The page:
Monsieur Bruno Saint-Palais, the spokesman for the French trotting Establishment, very deliberately made the sign of the cross over his lips. Then he leaned forward and declared intensely, "We call your American trotters little goats."
This cross-my-mustache-and-hope-to-die statement is sacred dogma with most French horsemen, and when their trotting heroine Roquépine starts in next week's $100,000 International at Roosevelt Raceway, the French will be—as usual—out to get our goats. They consider their trotters superior, a race apart. Since the time of Colbert, Louis XIV's finance minister, the government has been actively and expensively engaged in purifying the breed of French horses—Thoroughbreds, trotters, saddle horses and even cart horses. A royal 1665 edict ordered the finance minister to "reestablish in the kingdom stud farms ruined by wars...to build them up in such a way that his Majesty's subjects should be no longer obliged to spend money abroad."
At that time the French Government also imported a number of English stallions, because, it was explained, French horses "had not only diminished in number but in quality due to the deterioration of the breed since the 16th century." Colbert set up state studs (21 of them are functioning now) offering breeders a choice selection of stallions of every type—Thoroughbred, trotter, half-bred, Arab, Percheron, etc. By 1668 a royal commission was deciding which animals could be bred and which stallions should be castrated, at their owners' expense, because they were not of sufficient quality. Even now, 300 years later, this rigid selection process continues. A team of three men—a veterinarian, a member of the Ministry of Agriculture and a representative of the breeders' organization—must pass on a horse's conformation, quality and lineage before he can be used as a stallion. Last year some 25 trotters were barred from stud service. If the owner decides to mate such a horse anyway, the offspring will be classed as "meat" and will be unable to compete at recognized tracks.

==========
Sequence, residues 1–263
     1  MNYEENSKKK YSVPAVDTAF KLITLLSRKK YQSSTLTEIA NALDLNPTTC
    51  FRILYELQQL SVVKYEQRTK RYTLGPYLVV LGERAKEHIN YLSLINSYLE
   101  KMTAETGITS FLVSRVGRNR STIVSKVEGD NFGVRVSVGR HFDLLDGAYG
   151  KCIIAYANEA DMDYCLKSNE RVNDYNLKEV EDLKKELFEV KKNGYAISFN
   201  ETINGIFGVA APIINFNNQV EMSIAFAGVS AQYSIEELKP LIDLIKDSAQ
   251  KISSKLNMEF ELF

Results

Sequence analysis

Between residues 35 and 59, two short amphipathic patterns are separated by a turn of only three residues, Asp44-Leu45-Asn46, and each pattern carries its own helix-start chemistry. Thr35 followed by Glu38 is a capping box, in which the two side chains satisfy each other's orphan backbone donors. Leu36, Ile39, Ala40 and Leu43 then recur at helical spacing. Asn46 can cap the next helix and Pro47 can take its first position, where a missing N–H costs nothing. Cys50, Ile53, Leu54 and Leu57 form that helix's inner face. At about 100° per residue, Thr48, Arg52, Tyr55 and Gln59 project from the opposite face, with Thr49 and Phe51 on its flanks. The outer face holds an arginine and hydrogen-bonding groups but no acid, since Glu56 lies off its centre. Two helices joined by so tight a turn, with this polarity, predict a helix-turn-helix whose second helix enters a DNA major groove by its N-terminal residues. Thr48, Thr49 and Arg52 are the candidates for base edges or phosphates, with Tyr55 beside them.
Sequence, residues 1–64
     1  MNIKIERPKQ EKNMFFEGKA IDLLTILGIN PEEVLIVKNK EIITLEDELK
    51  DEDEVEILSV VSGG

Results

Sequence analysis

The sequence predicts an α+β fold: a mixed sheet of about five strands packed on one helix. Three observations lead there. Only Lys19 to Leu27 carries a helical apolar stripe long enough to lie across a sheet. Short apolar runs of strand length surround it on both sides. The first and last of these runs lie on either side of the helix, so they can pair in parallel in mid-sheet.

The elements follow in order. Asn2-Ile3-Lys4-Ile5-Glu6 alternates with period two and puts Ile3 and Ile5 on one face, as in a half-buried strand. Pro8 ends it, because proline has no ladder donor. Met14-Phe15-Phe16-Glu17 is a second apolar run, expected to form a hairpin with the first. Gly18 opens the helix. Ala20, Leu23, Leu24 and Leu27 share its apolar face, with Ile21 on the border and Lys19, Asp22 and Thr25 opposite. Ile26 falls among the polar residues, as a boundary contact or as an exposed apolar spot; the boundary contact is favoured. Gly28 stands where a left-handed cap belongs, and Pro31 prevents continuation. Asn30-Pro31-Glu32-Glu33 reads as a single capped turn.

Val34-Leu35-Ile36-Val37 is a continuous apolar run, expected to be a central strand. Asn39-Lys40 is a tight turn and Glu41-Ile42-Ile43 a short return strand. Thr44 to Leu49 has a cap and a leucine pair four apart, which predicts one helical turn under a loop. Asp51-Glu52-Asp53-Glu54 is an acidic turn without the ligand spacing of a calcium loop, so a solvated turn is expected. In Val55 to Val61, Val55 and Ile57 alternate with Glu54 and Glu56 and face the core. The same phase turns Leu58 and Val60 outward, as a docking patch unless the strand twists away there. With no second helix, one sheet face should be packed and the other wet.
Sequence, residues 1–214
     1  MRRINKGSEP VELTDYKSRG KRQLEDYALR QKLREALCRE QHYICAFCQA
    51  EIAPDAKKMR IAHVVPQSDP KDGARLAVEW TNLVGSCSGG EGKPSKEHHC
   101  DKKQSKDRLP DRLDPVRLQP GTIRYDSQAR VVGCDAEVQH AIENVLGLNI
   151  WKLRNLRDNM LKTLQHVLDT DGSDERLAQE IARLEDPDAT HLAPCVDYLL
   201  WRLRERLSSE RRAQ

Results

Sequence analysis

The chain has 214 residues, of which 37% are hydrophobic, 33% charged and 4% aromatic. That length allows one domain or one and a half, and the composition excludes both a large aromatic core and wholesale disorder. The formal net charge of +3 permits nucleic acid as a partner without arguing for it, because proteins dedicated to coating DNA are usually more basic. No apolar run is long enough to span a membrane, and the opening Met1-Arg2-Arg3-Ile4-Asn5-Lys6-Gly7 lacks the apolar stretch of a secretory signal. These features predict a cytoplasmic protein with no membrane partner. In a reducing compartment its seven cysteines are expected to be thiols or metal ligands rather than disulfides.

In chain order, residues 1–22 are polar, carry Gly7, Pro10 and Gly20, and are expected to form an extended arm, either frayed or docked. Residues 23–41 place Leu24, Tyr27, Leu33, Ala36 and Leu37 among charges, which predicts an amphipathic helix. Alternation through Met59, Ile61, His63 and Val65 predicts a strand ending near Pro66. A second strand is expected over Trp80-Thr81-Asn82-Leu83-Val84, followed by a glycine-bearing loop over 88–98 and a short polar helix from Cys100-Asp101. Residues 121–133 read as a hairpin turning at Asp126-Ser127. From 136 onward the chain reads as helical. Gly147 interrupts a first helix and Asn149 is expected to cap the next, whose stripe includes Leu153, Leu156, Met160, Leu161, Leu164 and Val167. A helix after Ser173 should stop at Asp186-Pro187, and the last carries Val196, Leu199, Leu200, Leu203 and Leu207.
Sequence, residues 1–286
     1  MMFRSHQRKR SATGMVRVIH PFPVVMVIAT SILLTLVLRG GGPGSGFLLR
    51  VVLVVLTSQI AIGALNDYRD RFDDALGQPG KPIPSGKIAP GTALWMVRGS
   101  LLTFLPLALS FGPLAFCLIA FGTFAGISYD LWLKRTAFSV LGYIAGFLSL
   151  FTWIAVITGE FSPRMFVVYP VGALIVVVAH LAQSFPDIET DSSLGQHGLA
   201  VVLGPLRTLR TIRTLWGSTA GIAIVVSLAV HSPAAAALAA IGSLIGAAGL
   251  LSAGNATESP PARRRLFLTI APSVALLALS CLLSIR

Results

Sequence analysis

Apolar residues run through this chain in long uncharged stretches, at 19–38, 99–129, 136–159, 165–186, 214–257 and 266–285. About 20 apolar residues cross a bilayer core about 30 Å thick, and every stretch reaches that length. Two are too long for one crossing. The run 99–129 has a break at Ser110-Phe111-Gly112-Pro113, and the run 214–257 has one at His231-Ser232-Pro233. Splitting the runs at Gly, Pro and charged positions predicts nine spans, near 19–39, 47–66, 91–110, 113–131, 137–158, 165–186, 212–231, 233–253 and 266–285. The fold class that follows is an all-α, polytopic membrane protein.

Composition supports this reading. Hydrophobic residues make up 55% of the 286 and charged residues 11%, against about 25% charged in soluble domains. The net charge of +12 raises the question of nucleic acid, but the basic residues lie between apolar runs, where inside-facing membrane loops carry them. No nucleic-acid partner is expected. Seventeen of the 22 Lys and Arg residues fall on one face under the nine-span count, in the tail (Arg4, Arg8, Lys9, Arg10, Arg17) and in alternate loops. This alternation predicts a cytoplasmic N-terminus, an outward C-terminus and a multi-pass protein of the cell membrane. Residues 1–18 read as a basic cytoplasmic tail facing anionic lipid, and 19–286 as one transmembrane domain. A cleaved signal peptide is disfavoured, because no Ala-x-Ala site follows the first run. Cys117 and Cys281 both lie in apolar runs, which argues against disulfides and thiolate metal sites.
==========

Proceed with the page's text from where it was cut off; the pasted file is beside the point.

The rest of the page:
The trotter that the French government works so hard to propagate is a tall, well-boned, robust animal. From time to time, to give these horses "nervous influx," trotting mares are crossed with Thoroughbreds, but never, never nowadays with foreign trotting stock. Until 30 years ago American trotters were accepted in the French stud book—Roquépine has a Yankee strain—but by 1938 the Norman horsemen who rule French trotting had decided that U.S. stallions were hurting the French strain. (There is a counterargument that what the Americans were probably hurting was not the breed so much as the Normans' pride and pocketbooks. American horses had won the Prix d'Amérique, France's premier trotting event, five of eight times between 1931 and 1938. There are now only three races in France in which étrangers can compete. "We only want our horses to race with the best foreign horses," Saint-Palais explains.)
Whatever the actual reasons for France's equine apartheid policy, there is something unique and praiseworthy in her concern for her bloodstock. The government spends $4.4 million annually on its state studs; in 1967, $200,000 went just on the purchase of trotting stallions. That old cliché, "for the improvement of the breed," can probably only be legitimately used in France. "It is a tradition with us," Saint-Palais says. "For three centuries the important thing has been the pleasure of producing a good breed."
The well-bred flavor of French trotting is reflected in the magnificent estate of Grosbois, 11 miles southeast of Paris, where the country's best Standard-breds are trained. The horses are exercised on paths cut through forests where Louis XIII, Napoleon, Fouché and Talleyrand hunted boar and stags. In a swale in the parkland below the 16th century ch√¢teau lie the stables, meticulously built and cared for. Each trainer has a private yard with a house for his family, apartments for his stablemen and 30 stalls for his stock. There are 30 of these establishments in identical neo-Norman style architecture.